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SRINAGAR, India (AP) — Tens of thousands of soldiers and police patrolled deserted streets in Indian-controlled Kashmir Saturday to enforce a curfew on the anniversary of the killing of a charismatic rebel leader, whose death triggered open defiance against Indian rule.

Government forces for the second day sealed off the hometown of the 22-year-old Burhan Wani, who was killed along with two associates in a gunbattle with Indian troops last year. Witnesses said security forces ordered residents in southern Tral town to stay indoors.

“I’ve never seen so many soldiers in aggressive posturing enforcing a curfew in my town. This is unprecedented restriction,” resident Mohammed Hanief told The Associated Press by phone.

Troops laid steel barricades and coiled razor wire on roads and intersections to cut off neighborhoods as authorities anticipated widespread protests. They also shut mobile internet services as part of the lockdown to stop activists from rallying online support.

Separatist leaders, who challenge India’s sovereignty over Kashmir, called for a strike and protests to honor Wani. Most of the top leaders have either been detained or put under house arrest.

Wani’s killing had set off months of protests and deadly clashes across the region, during which at least 90 people were killed and thousands injured, while hundreds among them were blinded and maimed in the firing of shotgun pellets by government forces.

Wani, who attracted dozens of new recruits while using Facebook and other social media sites, had rejuvenated Hizbul Mujahideen, the largest of Kashmir’s militant groups. Its topmost leader based in Pakistani-controlled Kashmir, Syed Salahuddin, was recently designated as the “global terrorist” by the U.S.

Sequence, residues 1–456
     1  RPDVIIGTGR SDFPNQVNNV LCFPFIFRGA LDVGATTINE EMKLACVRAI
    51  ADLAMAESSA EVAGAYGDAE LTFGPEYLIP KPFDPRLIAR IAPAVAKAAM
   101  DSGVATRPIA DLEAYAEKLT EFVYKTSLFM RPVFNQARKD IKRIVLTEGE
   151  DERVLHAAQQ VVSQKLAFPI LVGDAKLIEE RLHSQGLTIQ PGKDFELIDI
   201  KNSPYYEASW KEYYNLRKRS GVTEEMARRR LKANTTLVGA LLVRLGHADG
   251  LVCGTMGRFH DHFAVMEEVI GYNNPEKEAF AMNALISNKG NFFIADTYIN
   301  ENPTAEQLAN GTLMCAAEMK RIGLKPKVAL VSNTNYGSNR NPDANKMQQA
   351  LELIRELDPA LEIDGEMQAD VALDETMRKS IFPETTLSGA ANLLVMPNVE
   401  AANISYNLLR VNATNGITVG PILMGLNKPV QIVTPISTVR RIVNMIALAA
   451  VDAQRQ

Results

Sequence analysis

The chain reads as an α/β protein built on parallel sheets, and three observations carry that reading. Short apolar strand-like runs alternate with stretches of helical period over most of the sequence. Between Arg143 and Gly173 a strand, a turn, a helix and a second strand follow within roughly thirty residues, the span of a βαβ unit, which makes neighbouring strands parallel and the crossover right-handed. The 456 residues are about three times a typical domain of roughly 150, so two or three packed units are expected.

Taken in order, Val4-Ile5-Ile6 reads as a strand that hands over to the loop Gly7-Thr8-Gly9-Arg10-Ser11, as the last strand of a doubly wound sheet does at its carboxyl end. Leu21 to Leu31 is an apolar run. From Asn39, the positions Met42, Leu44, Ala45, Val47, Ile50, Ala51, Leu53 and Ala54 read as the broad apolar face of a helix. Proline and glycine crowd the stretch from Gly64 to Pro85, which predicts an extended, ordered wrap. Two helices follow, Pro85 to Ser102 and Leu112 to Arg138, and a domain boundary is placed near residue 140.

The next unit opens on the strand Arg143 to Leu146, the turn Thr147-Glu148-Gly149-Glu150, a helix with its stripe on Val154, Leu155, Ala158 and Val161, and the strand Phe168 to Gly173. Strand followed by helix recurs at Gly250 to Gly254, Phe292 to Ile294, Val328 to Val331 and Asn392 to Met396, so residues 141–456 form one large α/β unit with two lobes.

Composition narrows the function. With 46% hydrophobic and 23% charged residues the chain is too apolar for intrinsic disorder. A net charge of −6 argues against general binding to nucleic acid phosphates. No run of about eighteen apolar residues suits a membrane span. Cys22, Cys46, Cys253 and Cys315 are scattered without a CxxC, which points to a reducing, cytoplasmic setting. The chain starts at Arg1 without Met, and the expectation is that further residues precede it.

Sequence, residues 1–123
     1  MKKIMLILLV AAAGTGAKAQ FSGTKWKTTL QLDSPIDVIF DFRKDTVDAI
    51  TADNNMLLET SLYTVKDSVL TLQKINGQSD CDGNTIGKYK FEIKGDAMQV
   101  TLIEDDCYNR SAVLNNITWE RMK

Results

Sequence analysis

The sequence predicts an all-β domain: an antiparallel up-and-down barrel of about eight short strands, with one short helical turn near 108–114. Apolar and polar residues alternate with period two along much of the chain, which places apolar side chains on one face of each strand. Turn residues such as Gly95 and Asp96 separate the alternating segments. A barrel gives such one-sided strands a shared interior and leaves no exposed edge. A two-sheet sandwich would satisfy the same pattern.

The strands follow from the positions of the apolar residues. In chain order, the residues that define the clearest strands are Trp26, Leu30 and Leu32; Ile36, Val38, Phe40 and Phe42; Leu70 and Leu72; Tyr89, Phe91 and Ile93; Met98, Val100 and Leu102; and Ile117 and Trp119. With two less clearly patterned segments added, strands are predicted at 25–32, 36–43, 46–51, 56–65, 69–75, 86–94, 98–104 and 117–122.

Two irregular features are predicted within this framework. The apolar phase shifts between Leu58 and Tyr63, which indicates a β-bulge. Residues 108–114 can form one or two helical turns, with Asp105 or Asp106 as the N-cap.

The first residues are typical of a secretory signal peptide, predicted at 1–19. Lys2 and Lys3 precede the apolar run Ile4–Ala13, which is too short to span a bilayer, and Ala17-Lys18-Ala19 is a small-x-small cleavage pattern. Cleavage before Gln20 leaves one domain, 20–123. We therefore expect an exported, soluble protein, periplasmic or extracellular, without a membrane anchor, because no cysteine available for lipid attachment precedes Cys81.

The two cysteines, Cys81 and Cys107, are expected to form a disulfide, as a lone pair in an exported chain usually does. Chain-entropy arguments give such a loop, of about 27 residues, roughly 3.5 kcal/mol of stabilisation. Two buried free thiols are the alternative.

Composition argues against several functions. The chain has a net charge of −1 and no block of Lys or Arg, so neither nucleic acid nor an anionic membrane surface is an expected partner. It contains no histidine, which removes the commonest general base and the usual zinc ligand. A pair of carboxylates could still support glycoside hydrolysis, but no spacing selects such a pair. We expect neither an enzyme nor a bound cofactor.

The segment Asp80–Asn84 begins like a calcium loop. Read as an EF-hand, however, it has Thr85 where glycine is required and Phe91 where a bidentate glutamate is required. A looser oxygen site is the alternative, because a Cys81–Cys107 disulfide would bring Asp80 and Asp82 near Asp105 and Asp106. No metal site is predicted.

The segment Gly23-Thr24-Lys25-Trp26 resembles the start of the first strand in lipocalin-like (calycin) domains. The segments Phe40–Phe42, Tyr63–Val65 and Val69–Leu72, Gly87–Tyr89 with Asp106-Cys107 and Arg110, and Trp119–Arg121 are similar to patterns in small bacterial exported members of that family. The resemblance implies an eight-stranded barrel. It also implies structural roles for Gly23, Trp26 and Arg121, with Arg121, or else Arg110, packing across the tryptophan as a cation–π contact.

The death of Wani and the public fury it caused made the armed rebellion mainstream in Kashmir and gave new life to the militant movement that had withered in recent years, reduced to just about 100 fighters in scattered rebel outfits.

Officials say that since his killing, at least 100 young men have joined rebel ranks, some of them after snatching weapons from soldiers and police.

It also cemented a shift in public behavior by displaying anger at Indian rule openly and violently when troops raid villages and towns to hunt rebels. Villagers who had learned to hide any sympathy they felt for fighters now speak of them openly with reverence and warmth and also engage in deadly clashes with government forces during their counterinsurgency operations.

India and Pakistan control part of Kashmir, but both claim the Himalayan territory in its entirety. Rebel groups have been fighting since 1989 for Kashmir’s independence or merger with neighboring Pakistan. Nearly 70,000 people have been killed in the fighting and the ensuing Indian crackdown.

Anti-India sentiment runs deep among the region’s mostly Muslim population and most people support the rebels despite a decades-long military crackdown.

India has accused Pakistan of arming and training the rebels, which Pakistan denies.